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Modular coordination



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modular coordination for architecture

Modular coordination

  1. 1. M|O|D|U|L|A|R C|O|O|R|D|I|N|A|T|I|O|N
  2. 2. MODULAR COORDINATION • Modular coordination is a concept of coordination of dimension and space in which buildings and components are dimensioned and positioned in terms of basic unit or module. • It is internationally accepted by the International Standard Organization and many other countries including Malaysia. Less wet work site. Non dependence on unskilled labor Less modification on site Promote Industrialization (component manufactured in factory) Through Standardization Improves Productivity • A module: a basic dimension which could for example form the basis of a planning grid in terms of multiples and submultiples of standard module. • Provide guide to building component sizing: this can reduce as much as possible the needs to further trim and shape the materials to fit together in construction; thus, reducing wastage of labor and material.
  3. 3. AIMS • To achieve dimensional compatibility between building dimensions, span, or spaces and the sizes of components or equipment by using related modular dimensions. • Making the planning simpler & clearer by distinct indication of location of the building component in the building, both in respect to each other & a modular grid. • Simplification of site work. • Limiting the member of sizes of building component so that the linkage is based on modular measurement. • Facilitating cooperation between designers, manufacturers, suppliers & builders. • Providing practical and logical construction methods for the coordination of the position & dimension of elements, components & spaces in a building design, which will contribute to first - increased design freedom. second - improve balance between quality and cost of the manufacturing the component. • Creating a basis for rationalization of both general & special building drawings for modular building components & assembling details. Aim and Basics of Modular Coordination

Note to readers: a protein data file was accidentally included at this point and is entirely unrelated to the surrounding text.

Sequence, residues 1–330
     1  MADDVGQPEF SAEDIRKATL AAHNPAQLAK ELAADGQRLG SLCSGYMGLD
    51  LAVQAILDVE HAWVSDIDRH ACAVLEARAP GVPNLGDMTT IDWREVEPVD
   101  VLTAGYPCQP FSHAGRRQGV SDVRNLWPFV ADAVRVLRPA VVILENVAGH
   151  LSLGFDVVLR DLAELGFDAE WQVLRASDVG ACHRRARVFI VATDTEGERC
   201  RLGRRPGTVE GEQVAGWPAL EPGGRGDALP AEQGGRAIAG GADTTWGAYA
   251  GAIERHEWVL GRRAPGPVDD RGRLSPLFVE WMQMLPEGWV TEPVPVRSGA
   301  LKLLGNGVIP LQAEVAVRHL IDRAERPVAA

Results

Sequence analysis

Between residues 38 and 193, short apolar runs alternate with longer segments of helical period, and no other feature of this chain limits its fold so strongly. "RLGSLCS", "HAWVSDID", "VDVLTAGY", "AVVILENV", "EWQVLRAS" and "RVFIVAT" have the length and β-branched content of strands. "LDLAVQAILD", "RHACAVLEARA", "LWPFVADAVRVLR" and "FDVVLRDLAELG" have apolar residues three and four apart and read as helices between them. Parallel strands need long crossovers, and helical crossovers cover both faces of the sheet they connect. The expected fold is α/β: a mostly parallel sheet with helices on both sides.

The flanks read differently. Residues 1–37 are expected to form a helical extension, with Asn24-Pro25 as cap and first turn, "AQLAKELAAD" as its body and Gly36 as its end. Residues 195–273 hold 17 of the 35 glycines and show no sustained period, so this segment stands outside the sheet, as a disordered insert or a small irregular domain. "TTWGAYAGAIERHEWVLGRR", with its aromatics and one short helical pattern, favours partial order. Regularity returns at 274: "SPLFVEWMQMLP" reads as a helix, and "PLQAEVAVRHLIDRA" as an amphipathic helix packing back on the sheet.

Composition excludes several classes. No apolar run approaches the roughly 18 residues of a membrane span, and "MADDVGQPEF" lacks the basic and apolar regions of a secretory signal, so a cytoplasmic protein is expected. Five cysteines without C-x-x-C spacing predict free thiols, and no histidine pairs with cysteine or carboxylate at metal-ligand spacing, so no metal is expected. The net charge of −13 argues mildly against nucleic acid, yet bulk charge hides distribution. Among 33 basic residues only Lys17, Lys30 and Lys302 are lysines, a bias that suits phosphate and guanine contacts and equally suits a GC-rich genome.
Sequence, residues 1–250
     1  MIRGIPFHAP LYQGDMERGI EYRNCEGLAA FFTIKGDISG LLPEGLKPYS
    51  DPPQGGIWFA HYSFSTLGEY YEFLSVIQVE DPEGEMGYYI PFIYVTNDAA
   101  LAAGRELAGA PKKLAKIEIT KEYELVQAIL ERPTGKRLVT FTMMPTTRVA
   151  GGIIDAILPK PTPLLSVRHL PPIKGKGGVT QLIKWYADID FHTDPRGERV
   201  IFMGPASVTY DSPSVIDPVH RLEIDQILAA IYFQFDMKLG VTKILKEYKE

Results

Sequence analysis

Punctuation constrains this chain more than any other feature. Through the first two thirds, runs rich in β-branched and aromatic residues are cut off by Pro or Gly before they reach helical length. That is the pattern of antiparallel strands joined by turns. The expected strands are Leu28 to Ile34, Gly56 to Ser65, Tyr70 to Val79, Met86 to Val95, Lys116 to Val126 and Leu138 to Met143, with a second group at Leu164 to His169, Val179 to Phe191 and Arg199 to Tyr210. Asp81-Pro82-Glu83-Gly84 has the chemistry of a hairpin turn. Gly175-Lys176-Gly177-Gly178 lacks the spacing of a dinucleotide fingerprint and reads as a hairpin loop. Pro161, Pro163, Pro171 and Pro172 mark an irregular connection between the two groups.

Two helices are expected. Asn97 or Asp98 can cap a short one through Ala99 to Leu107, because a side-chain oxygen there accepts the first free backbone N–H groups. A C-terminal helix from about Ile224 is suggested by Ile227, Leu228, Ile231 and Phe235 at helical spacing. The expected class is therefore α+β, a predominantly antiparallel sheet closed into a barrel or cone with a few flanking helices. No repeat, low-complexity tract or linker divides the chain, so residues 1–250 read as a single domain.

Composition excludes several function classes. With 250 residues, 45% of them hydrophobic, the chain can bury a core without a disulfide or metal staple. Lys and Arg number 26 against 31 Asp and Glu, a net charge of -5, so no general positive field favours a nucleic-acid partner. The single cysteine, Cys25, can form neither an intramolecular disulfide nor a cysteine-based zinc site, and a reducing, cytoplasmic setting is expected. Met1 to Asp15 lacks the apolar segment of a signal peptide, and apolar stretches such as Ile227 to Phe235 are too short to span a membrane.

4. 4. BASICS OF MODULE • The basic module is known as 1M which is equivalent to 100mm. 1M = 100mm There are three type of MODULE :- (I) Basic Module (II) Multi Module (III) Sub Module Basic Module • It is the fundamental unit of size in modular coordination and for general application to building & components .The size of basic Module is taken as 100mm denoted by “M” It is considered to be large enough to effect some variety reduction in range of component size and is small enough to provide a flexible unit of measurement for the purpose of design. Multi Module • Certain whole multiples of basic module usually expressed in as “M” with numeric prefix as 2M , 3M, 4M etc are referred to as multi module. Sub Module Certain submultiples of basic module which are whole simple fractions shall be chosen when absolutely necessary for an increment smaller than the basic module. For practical considerations, this sub modular increment shall be expressed as “M” with fractional prefix as 1/5M, 1/4M, 1/3M,etc
  5. 5. Modular Reference System • The term modular reference systems is the three dimensional system of orthogonal space coordinates within the positions and sizes of components, elements and installations can be related by references to points, lines, or planes. • A system of points, lines and planes grids. • Used mainly during planning / design stage.